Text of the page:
‘Divided we stand’: looking back to the 1920s to understand the United States today

A 1903 drawing by Louis Dalrymple depicts European immigrants as “rats” (in the magazine Judge). New York Public Library

Jérôme Viala-Gaudefroy, Université Paris Nanterre – Université Paris Lumières

The day after the US midterm elections in 2018, Paul Krugman wrote in the New York Times about the opposition between a “real America”, representing urban, diverse and educated in the House and a “Senate America,” mostly white, rural and uneducated. With this blunt remark, Krugman challenged the democratic nature of the the American legislative branch of government established by article 1 of the US Constitution 200 years ago. As the United States moves toward the 2020 presidential elections, to be held in November, the divide has only deepened.

This democratic deficit is nothing new but the deepening of the geographical racial, gender educational divisions has made it more acute, especially since the 2016 elections (here, here, here or here). Regarding these divisions, today’s America is a lot like the America of 1920s. After all, the “roaring ‘20s” were also the “tribal ’20s.”

The fear of a foreign and threatening “Other”

Back then, just like today, rapid change in society was a prime reason for the tension – the most critical change having to do with demography and ethnicity. These changes bring back to the surface America’s original sin: a nation defined exclusively in terms of whiteness, which explains why immigration is such a hot divisive issue. Today, the fear of immigration focuses on hispanics. In the 1920s, it was centered on Southern and Eastern Europeans.

In both cases, it is fed by a rhetoric of fear of invasion of an external “other” who might threaten the very existence of the national community – the bolsheviks and the anarchists in the 1920s (let’s not forget the first Red Scare or the Palmer Reds); the gang member (MS13) and the terrorist today. Either way, immigrants are always depicted as criminals. In the 1920s, the Italians were “blamed for driving up the crime rate”. Today, it is the Mexicans or Central Americans. This type of rhetoric hits a raw nerve in homogeneous communities who are less exposed to diversity and more easily fantasise about it.

It is not without political consequences. In 1924, the most restrictive immigration law (the Johnson–Reed Act) was signed by President Hoover. In 2018, the birthright citizenship guaranteed by the 14th amendment to the US Constitution is being challenged by the president with the threat of an executive order. More than economics, immigration is the reason why the white working class vote shifted toward Trump.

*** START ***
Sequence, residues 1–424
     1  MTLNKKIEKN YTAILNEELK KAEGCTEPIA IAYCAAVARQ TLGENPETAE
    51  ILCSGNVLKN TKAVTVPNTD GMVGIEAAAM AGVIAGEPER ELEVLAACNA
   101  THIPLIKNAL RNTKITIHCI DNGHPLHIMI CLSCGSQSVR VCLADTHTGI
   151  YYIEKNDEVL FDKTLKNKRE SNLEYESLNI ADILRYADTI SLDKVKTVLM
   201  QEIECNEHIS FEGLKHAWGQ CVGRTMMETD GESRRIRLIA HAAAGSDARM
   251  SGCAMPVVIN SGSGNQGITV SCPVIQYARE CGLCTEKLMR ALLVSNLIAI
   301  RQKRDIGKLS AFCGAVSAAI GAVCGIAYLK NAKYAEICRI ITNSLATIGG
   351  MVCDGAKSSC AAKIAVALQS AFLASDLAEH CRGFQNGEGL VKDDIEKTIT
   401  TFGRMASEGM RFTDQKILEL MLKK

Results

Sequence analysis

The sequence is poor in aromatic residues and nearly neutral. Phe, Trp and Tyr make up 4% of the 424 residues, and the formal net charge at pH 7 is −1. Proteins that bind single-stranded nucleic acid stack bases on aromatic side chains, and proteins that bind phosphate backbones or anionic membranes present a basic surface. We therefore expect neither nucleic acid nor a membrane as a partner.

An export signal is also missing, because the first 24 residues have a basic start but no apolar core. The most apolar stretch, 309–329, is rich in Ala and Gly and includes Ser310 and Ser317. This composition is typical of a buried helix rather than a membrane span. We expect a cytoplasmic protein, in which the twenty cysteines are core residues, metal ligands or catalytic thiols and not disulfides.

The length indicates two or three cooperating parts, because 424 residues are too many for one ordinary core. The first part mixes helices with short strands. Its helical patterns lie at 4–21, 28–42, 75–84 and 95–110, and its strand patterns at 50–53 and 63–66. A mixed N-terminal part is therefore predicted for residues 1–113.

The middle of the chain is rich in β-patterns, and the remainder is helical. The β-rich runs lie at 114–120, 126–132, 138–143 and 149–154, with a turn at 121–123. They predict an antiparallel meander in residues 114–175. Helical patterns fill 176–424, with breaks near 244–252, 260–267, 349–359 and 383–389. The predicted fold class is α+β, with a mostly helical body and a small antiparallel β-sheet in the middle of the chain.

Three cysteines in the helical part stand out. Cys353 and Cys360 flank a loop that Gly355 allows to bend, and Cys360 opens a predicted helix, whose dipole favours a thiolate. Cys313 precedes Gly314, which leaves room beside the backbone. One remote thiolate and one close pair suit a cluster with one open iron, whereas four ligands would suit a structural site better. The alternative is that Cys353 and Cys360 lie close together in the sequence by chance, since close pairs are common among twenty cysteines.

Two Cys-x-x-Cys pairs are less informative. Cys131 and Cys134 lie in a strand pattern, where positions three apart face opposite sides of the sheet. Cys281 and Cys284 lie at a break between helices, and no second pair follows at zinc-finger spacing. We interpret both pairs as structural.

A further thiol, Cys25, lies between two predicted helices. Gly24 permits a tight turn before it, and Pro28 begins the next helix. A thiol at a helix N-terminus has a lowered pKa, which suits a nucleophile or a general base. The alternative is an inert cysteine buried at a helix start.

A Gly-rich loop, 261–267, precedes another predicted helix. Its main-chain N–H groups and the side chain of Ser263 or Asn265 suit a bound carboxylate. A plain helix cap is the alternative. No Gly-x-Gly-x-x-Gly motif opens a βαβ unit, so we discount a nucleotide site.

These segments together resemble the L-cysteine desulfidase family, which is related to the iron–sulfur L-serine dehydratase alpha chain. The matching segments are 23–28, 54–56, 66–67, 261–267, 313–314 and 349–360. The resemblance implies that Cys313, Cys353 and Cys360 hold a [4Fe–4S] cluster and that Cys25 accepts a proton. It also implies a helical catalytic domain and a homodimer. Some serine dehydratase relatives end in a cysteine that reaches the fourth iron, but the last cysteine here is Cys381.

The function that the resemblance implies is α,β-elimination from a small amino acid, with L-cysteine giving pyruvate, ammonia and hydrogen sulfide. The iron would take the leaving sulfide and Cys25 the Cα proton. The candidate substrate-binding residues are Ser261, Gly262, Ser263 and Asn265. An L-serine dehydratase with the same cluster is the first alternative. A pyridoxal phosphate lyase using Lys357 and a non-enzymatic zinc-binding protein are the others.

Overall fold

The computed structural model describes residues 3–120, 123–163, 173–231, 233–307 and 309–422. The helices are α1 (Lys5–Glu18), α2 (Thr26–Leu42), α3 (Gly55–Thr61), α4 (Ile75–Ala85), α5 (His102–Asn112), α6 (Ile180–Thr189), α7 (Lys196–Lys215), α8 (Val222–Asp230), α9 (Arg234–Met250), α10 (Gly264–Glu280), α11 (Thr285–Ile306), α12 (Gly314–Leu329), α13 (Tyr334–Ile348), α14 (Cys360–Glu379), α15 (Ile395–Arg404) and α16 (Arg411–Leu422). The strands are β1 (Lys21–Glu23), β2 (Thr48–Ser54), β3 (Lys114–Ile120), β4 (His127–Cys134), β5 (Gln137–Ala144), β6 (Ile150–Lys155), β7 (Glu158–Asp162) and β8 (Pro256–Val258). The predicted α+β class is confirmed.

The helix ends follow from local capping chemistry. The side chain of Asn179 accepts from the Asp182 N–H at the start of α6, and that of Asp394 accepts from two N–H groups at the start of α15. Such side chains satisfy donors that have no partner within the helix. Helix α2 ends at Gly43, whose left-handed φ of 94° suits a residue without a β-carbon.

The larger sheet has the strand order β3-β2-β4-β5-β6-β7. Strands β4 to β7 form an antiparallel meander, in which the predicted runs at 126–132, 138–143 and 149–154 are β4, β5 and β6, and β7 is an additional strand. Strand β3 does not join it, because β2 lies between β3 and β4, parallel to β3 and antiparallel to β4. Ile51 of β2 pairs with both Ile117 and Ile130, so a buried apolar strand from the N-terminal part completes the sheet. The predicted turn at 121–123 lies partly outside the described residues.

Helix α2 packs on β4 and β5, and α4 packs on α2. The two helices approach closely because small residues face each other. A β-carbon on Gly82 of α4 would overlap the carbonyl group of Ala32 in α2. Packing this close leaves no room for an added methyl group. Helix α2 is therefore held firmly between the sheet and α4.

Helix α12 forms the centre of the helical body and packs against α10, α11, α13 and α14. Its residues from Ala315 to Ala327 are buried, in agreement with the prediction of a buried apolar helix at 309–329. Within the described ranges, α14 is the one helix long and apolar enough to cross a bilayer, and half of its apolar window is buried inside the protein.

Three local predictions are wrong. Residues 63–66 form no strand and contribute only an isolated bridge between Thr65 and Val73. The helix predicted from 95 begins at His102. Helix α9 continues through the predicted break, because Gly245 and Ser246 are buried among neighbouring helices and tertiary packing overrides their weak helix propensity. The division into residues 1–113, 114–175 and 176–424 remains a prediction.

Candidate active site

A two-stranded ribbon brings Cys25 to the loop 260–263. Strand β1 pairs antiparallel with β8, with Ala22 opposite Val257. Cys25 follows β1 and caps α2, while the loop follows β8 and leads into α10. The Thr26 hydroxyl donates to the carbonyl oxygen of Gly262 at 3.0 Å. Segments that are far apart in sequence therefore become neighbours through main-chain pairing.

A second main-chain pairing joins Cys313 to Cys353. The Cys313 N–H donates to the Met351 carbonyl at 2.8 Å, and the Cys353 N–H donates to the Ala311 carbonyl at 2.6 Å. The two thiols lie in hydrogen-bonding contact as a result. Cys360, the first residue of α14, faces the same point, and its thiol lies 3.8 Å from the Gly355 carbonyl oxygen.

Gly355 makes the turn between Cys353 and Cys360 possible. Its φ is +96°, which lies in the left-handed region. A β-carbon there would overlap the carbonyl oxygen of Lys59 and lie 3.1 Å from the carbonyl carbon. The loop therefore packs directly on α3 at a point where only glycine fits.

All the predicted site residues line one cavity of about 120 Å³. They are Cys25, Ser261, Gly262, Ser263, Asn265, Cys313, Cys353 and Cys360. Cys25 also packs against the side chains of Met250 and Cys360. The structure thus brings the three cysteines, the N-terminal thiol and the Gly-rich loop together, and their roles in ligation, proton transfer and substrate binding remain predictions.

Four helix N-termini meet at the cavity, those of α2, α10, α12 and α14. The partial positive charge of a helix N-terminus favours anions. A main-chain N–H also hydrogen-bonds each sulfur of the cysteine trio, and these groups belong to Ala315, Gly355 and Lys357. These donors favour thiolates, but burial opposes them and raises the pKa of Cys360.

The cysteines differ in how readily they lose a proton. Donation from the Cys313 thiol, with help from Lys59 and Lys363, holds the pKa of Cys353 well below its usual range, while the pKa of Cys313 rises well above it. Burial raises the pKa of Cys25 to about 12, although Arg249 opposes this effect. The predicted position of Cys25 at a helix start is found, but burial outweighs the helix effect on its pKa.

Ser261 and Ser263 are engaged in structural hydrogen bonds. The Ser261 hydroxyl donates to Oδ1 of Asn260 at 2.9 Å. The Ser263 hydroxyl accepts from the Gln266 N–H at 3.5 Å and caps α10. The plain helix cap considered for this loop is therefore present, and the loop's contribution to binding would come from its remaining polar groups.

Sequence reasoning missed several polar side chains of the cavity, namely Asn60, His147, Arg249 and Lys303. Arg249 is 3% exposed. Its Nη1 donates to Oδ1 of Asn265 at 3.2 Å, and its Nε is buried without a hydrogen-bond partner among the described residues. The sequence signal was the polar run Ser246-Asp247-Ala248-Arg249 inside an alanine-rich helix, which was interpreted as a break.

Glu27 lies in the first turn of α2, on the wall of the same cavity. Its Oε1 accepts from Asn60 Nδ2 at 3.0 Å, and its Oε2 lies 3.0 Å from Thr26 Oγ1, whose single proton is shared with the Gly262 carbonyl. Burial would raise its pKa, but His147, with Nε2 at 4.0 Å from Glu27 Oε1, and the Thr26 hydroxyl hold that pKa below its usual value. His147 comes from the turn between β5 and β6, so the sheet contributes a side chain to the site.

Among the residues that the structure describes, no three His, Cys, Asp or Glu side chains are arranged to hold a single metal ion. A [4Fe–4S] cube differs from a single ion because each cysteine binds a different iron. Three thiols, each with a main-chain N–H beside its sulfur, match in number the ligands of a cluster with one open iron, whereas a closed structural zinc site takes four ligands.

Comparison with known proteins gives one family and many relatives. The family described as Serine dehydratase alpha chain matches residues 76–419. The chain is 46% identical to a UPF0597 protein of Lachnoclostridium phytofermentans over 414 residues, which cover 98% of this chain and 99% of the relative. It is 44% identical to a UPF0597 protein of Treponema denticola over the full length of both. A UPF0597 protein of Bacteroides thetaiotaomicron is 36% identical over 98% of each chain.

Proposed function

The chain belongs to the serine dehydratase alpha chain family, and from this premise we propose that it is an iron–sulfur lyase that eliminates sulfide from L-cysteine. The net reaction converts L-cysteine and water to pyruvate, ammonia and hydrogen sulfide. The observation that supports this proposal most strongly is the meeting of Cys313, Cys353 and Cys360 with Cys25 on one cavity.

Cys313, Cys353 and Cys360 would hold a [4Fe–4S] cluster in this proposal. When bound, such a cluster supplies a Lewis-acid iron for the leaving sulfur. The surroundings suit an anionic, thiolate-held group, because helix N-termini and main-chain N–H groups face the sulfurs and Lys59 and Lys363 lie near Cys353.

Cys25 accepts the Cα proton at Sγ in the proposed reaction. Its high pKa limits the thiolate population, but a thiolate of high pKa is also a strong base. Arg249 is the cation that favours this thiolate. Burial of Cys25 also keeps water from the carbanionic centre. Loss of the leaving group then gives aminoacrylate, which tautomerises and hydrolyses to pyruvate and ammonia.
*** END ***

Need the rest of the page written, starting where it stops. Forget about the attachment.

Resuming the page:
The rise of racist rhetoric

Similar to the 1920s, but thankfully to a lesser degree, this fear of immigration has fueled the rise of xenophobic, racist and anti-semite forms of expression.

The hundreds of White Supremacists who protested in Charlottesville in August, 2017 and again in Washington D.C. a year later have been the most visible ones, even if they pale in comparison to the 50,000 Ku Klux Klan demonstrator who paraded through the streets of Washington in 1925. Yesterday’s KKK and today’s white nationalists have something in common: they both try to redefine what it means to be an American by using a rhetoric of exclusion while claiming ownership through patriotic symbols.

The 1920s were also characterised by the divide between modernists and traditionalists that presaged today’s culture war.

The hot button issues like the prohibition, evolution and sexual freedom are echoed in today’s debates over gun rights, climate change and the role of religion in society. Then, as now, these issues demonstrate a similar tension between a more conservative, whiter and more patriarchal society on the one hand, and the construction of a more open, diverse and progressive society on the other. So it is not surprising that in both eras, the tension also centers on the role of women, religion, minorities and the role of science. Those divisions seem to be neatly divided along the traditional geographic fault lines separating the rural from the urban areas, today as in the past. Certainly from an economic standpoint, rapid change spurred by technological advances has had dire consequences on the more traditional sectors: the farming and mining industries in the 1920s, steel, textile, coal and manufacturing today.